Poplar Grove would have had skilled slave women, and young slave girls and boys, who would apprentice in the arts of weaving, dying and spinning. If other nearby farms had such chores assigned to family members, the large-scale operations of Poplar Grove necessitated that – like at Tipton-Haynes Historic Site in northeastern Tennessee – “The men and older boys took care of the animals, sheared the sheep each spring, and many had the carpentry skills to make the tools necessary for spinning and weaving such as spinning wheels, yarn winders, and looms. Young children would be taught how to pull or “tease” the raw wool to prepare it for carding. Both boys and girls would help with the carding. About seven or eight, girls would be taught to spin on a drop spindle then later the wheel. Boys would learn from their fathers how to care for the sheep and perhaps learn how to make small objects such as a shuttle or drop spindle. Weaving on the large ‘barn’ loom was done in the winter when there were fewer outside chores” (“Spinning Fleece“).
The wool here was sheared from the sheep at Poplar Grove, usually once a year in April. The wool from a single sheep is called a fleece. “The fleece would then be washed carefully in hot soapy water and dried, or it would be carded and spun without washing it first. This technique is called ‘spinning in the grease.’ Sheep have oil in their skin that lubricates the fiber and keeps their skin dry when it rains.
Before spinning the wool into thread, it needed to be cleaned of dirt and vegetable matter (like hay and straw). This was a job typically done by children between the ages of three and four years old. To prepare the fibers for spinning, it must be carded. The wool is placed in small handfuls on the wire teeth of the cards, then one card is pulled across the other, brushing the wool free of dirt and tangles. The wool is then removed form the cards and rolled into a rolag (“Spinning-Weaving“).
The carded wool is spun into yarn.
“Plantation diaries and letters and the memoirs of freed or escaped slaves are full of references to the skilled labor of enslaved artisans who spun, dyed, and wove cloth or stitched bedding and clothing for themselves and their owners. The term “homespun” was often applied indiscriminately in the South (especially just before and during the Civil War) to describe cloth woven:
• in plantation weave rooms by slave artisans;
• in homes or small workshops by skilled weavers supplementing their income from farming or another
• in southern factories and mills by a mix of wage-earning and enslaved, skilled and unskilled men,
women, and children; and
• during the Civil War, in homes by white inhabitants who either re-learned forgotten skills or learned to
weave for the emergency.
In its broadest sense, “homespun” meant simply not imported. It was not unusual for plantations to have facilities and equipment for spinning and weaving” (Shaw). This was no less true for Poplar Grove, in which Mary Ann Simmons Foy would have ordered cloth from the city of Wilmington for both fashion and industry.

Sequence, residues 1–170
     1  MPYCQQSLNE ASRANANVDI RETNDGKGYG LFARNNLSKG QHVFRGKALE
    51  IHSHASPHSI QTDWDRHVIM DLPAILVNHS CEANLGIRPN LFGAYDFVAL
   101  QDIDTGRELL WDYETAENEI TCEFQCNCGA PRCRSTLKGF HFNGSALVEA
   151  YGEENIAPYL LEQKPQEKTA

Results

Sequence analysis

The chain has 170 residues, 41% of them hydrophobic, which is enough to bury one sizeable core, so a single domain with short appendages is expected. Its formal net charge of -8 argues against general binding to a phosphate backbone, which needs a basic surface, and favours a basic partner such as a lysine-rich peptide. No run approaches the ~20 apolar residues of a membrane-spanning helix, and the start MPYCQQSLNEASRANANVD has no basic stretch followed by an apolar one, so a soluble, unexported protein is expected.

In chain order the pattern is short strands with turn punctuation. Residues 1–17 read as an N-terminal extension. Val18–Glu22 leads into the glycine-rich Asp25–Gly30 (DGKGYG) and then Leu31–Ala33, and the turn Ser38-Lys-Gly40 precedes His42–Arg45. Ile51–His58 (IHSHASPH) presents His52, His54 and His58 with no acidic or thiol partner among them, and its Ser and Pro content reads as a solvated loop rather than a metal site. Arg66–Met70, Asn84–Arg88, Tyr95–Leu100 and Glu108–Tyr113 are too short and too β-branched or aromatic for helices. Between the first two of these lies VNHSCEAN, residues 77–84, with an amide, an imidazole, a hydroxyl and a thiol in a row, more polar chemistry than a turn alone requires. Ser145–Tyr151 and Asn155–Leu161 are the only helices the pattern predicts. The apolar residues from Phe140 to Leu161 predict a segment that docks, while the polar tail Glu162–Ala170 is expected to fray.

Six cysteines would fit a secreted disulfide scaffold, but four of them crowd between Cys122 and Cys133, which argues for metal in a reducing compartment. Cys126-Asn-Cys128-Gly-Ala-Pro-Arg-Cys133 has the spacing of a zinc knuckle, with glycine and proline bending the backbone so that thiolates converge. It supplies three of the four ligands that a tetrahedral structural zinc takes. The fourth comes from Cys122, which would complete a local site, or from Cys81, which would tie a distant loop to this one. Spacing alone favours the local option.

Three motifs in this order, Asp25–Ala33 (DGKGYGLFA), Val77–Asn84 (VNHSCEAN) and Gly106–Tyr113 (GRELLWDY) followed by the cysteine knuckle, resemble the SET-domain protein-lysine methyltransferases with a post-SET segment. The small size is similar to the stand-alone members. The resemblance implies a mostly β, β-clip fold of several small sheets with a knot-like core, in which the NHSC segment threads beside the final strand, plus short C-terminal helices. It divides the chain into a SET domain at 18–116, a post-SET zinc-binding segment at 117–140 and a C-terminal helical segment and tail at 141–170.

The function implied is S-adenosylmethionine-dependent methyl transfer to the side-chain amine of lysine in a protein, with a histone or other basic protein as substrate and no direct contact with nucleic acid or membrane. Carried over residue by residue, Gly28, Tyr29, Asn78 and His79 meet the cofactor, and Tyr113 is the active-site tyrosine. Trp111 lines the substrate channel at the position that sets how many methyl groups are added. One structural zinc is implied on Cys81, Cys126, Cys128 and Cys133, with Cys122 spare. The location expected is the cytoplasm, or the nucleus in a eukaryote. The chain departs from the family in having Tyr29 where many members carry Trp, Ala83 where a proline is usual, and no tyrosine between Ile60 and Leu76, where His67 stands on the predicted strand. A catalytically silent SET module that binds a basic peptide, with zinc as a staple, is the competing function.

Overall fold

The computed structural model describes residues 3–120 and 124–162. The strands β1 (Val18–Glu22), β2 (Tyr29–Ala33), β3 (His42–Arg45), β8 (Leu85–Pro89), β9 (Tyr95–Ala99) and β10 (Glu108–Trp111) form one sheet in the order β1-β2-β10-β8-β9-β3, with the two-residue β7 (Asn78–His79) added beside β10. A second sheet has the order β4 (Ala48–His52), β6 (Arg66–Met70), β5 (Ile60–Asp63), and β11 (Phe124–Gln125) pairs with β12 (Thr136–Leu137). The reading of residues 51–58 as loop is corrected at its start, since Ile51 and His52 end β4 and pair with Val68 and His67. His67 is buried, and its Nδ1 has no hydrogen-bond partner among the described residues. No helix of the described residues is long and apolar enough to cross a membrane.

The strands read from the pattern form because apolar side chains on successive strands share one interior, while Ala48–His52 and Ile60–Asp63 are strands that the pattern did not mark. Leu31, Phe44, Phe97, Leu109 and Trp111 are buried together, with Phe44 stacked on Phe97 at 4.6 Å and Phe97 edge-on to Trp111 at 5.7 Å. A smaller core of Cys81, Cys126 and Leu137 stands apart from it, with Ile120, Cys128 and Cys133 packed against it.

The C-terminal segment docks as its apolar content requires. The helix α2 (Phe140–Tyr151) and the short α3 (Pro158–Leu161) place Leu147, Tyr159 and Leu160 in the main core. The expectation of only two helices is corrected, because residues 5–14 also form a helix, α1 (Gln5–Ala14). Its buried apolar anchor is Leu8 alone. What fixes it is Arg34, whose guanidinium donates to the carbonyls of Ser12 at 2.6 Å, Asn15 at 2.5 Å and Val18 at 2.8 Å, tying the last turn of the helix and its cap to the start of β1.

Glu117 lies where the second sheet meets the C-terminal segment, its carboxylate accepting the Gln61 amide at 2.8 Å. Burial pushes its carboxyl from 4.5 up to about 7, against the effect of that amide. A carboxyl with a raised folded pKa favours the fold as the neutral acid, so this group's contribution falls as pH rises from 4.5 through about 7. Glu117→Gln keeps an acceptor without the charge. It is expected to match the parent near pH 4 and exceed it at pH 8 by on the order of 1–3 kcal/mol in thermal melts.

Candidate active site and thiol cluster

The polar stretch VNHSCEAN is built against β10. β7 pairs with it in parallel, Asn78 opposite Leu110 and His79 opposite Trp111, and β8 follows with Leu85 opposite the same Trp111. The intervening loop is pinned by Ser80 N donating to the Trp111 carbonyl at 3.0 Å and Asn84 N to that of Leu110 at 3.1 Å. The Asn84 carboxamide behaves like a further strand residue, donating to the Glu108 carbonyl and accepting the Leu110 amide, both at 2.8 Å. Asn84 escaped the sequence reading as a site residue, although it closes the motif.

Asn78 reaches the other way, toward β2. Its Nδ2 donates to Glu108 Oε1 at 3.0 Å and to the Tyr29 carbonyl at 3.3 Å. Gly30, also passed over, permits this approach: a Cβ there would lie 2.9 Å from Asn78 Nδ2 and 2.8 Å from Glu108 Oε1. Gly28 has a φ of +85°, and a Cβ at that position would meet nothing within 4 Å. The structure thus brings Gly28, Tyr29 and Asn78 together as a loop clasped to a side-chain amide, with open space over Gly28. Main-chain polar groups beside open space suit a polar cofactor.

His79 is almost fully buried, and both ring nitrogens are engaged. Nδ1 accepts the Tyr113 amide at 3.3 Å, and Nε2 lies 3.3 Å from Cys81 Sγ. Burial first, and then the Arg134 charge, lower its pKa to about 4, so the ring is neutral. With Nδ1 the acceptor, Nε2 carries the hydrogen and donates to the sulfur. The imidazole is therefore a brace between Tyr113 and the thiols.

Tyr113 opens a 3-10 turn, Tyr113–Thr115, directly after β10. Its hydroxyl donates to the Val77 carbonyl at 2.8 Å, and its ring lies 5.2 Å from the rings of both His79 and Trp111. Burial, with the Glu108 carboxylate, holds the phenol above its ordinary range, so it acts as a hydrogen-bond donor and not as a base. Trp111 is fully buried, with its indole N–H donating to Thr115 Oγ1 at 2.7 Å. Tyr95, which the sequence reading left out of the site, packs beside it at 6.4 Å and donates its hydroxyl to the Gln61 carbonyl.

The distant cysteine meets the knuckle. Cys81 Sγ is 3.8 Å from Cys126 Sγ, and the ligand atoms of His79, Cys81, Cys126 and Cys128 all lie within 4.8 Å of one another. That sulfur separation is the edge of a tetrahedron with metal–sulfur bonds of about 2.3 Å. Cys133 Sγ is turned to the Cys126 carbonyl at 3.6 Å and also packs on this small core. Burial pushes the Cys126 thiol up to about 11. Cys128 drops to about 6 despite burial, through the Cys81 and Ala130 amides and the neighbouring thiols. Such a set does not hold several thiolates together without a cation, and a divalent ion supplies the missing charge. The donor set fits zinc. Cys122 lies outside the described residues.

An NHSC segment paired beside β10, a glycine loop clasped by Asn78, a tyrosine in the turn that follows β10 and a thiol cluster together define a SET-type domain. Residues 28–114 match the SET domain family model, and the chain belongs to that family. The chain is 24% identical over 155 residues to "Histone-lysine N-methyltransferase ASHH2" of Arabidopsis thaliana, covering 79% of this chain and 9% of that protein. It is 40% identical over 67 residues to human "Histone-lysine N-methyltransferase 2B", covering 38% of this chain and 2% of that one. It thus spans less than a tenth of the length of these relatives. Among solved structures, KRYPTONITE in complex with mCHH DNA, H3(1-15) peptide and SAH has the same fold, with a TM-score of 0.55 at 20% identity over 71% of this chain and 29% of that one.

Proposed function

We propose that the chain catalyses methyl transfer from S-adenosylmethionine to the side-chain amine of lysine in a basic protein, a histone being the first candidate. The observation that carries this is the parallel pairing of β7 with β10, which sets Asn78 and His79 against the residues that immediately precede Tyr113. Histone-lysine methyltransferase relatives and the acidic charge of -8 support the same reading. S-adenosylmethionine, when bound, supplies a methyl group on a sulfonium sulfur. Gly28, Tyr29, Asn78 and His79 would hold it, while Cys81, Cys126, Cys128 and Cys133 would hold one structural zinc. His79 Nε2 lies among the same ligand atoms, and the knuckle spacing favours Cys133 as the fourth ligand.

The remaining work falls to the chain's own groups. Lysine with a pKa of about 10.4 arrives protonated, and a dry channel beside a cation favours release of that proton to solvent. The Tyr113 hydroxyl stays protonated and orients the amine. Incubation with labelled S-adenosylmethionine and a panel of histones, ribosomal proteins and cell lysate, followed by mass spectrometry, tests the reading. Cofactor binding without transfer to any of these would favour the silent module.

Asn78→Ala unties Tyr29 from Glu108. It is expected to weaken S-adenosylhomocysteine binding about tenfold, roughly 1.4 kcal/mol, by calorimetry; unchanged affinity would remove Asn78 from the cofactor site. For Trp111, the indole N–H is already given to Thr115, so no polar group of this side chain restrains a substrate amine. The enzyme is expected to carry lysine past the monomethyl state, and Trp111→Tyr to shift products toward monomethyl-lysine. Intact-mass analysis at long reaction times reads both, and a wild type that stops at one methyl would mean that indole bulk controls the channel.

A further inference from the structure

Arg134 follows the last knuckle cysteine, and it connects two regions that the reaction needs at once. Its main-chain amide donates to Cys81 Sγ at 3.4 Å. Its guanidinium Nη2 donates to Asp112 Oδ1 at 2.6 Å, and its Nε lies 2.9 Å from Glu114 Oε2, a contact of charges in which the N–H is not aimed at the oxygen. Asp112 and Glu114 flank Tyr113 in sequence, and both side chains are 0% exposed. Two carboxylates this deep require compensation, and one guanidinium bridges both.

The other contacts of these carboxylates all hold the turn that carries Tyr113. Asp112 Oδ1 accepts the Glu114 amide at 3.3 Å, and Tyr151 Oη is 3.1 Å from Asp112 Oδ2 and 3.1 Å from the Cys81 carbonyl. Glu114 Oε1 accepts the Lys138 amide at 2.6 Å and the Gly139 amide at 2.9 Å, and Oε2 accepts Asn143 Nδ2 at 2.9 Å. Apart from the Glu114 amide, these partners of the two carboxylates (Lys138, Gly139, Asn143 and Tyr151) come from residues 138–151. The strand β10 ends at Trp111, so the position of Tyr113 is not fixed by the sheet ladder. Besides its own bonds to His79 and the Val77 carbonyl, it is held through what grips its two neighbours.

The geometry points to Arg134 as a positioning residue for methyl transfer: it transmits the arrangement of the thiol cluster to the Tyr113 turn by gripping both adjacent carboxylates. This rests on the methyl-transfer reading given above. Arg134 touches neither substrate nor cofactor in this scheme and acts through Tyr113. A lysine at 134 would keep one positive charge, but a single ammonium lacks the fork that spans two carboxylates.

Any cotton grown at Poplar Grove was for personal use. Cotton, an annual plant, requires a long growing season and warm temperatures. The cotton plant flowers in summer, and, as the flowers fade, forms a green pod called a cotton boll. Inside the boll cotton fibers grow until they burst open the boll and the fibers can be picked out of the boll. Cotton must have the seeds removed, a job that was done by hand, often by the slave children. After the seeds are removed, the fibers are carded into batts, which can then be spun into yarn. Cotton is harder to spin by hand than wool because the fibers are shorter and dryer. The hand-spun cotton yarn was not as strong as wool.
Located in the basement of the Manor House, the Weaving Studio is part of the Slavery Exhibit and open to visitors.
References & Further Reading
Allen, Erin. “George Washington and the Weaving of American History.” Library of Congress Blog, March 10, 2015.
American Textile History Museum
Crews, Ed. “Weaving, Spinning and Dyeing.” The Colonial Williamsburg Journal, Winter 2007.
“Flax Production in the Seventeenth Century.” Historic Jamestowne. National Park Service, US Department of the Interior.
Hoke, Alexa and Terry Brandt. “Through the Wool Cards …” Bittersweet, Volume II, No. 4, Summer 1975. Springfield-Greene County Library.
Industrial Revolution. Fordham University. Internet History Sourcebook.
Leloudis, James, and Kathryn Walbert. “Work in a Textile Mill.” Learn NC: K12 Teaching and Learning from the UNC School of Education.
“The Mill Girls.” Lowell National Historic Park. National Park Service, US Department of the Interior.
Shaw, Madeline. “Slave Cloth and Clothing Slaves: Craftsmanship, Commerce, and Industry.” Journal of Early southern Decorative Arts. August, 2015.
“Spinning Fleece into Yarn.” Tipton-Haynes Historic Site.
“Spinning-Weaving Exhibit.” Potsdam Public Museum.
“Weaver.” Experience the Life: Trades. The Colonial Williamsburg Foundation.
“Weaving.” The Columbia Encyclopedia, 6th edition, 2015.